Microsoft has haemorrhaged a fortune on its mobile business through its ill-fated acquisition of Nokia and sluggish uptake of its Windows Phone platform. It's hurting the company's bottom line but can Microsoft change its mobile fortunes through opportunities in the enterprise?
Developers have no love for Windows Phone judging by the lack of apps available for the platform. A robust developer ecosystem is crucial to the success of any mobile platform and iOS and Android have a million miles head start over Windows Phone.
Microsoft is fully aware of this, which is why earlier this month it launched a preview of Windows Bridge, a tool allowing coders to port iOS apps to Windows (you can get the code on GitHub here). It's still early days but suffice to say it will be a hard slog for Windows Phone in the consumer market even with Windows Bridge to entice app developers. The tool does nothing to encourage developers to create apps specifically for Windows Phone that will showcase its unique features. It might make existing users happy but it hardly provides an incentive to woo new adopters.
According to analyst firm, Telsyte, Windows Phone's marketing share locally and globally is around five per cent and a large portion of that are made up of enterprise users. Yes, there are a lot of iOS and Android business users but considering many IT departments are open to supporting different mobile platforms, it makes for a more welcoming environment for Windows Phone.
IDC analyst for mobility, Joseph Hsiao, believes Windows Phone is on a level playing field with iOS and Android in the enterprise market. Most organisations already run Windows on their PCs and it is predicted that many companies will be upgrading to Windows 10. The new OS touts a "universal" apps feature meaning apps will run across any Windows 10 device including tablets and phones. This will most certainly help Windows Phone gain momentum with business users.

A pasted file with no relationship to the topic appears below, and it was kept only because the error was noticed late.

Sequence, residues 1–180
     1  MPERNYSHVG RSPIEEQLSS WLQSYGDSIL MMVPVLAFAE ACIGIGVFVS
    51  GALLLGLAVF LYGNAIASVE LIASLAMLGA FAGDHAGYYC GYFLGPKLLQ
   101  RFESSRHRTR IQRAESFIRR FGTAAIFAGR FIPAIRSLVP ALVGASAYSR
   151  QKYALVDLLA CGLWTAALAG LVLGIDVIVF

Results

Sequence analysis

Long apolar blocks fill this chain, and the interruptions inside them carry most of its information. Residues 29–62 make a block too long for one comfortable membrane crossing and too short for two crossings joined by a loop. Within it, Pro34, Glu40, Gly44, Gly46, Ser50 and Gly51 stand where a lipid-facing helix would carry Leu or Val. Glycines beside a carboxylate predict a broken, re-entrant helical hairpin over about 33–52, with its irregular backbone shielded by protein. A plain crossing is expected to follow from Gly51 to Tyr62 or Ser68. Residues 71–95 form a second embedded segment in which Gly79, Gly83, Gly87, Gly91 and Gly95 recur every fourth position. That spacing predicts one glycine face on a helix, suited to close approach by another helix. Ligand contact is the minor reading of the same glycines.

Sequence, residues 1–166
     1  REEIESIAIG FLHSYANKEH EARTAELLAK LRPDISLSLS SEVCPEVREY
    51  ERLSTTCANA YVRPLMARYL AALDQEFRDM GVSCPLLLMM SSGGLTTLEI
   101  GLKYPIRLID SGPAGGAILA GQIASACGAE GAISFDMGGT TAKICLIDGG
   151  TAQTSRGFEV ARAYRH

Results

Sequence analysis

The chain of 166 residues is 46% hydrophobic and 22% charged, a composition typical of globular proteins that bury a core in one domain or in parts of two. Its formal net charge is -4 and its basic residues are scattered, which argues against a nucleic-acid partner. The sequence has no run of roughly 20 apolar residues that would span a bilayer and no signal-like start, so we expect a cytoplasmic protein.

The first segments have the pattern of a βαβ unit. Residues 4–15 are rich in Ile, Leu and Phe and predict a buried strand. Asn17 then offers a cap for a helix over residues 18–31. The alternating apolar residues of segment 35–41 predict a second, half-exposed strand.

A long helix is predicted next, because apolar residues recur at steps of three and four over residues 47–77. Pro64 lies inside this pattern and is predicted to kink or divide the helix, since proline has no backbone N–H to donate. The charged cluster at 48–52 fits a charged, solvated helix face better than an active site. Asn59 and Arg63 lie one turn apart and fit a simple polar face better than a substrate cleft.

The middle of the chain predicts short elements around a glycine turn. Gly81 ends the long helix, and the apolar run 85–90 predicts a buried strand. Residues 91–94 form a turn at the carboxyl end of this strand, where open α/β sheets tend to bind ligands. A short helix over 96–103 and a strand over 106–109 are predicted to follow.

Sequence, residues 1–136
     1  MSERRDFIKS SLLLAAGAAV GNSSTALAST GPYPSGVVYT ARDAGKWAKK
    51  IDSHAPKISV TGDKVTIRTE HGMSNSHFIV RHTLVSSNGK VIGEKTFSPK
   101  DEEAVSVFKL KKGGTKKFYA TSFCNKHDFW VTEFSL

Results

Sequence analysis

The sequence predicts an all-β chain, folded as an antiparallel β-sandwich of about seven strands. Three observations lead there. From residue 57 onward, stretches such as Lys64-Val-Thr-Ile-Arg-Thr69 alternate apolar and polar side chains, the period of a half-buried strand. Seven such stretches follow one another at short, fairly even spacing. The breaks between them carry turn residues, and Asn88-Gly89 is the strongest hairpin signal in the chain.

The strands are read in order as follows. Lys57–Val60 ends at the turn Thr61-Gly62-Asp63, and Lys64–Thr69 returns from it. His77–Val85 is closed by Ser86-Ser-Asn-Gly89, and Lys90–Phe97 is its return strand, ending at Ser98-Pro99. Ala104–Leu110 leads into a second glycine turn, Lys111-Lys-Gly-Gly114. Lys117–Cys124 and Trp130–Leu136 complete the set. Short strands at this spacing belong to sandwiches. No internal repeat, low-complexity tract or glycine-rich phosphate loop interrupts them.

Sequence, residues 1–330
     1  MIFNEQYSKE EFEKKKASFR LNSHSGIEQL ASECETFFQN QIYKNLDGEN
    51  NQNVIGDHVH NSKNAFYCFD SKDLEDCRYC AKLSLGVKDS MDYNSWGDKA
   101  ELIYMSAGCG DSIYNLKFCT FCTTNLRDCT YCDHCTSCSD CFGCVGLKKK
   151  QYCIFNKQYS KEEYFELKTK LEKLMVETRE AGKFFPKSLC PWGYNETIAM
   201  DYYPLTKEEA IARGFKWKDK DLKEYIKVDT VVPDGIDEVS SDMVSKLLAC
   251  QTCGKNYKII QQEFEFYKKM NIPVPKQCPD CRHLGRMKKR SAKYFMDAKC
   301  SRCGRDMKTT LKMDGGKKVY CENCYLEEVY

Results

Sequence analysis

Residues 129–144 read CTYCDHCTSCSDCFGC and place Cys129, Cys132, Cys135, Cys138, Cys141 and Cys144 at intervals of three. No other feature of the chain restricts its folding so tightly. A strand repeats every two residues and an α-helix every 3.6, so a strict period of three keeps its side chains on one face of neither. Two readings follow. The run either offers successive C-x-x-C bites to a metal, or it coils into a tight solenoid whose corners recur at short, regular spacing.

"Windows as a platform is geared towards content creation such as digital media and, more importantly for enterprises, work documents and emails," Hsiao told Lifehacker Australia. "Microsoft has brought out some solid productivity software such as Office which integrates well with Windows Phone. Pairing that with universal apps for Windows 10 devices, Windows Phone in the enterprise makes sense."
Telyste analyst, Foad Fadaghi, also thinks the popularity of Windows 10 will make the adoption of Windows Phone much more attractive to businesses.
"In terms of improved security and features, Windows 10 is heading in the right direction and that's going to help the case for Windows Phone for businesses," he said.
Apple and Google aren't oblivious to mobile opportunities in the enterprise space. They are both painfully aware the consumer mobile market is oversaturated and there isn't much new business to be had there.
Both companies are fighting aggresively to ingratiate themselves with organisations. Apple teamed up with IBM to get more iOS devices into enterprises last year and Google has greatly expanded its Android for Work program to make the OS more attractive to companies.
Competition is heating up in the area of enterprise mobility and this is where Microsoft can really shine and get back on track with the Windows Phone platform.
Will you consider Windows Phone for your business? Let us know in the comments.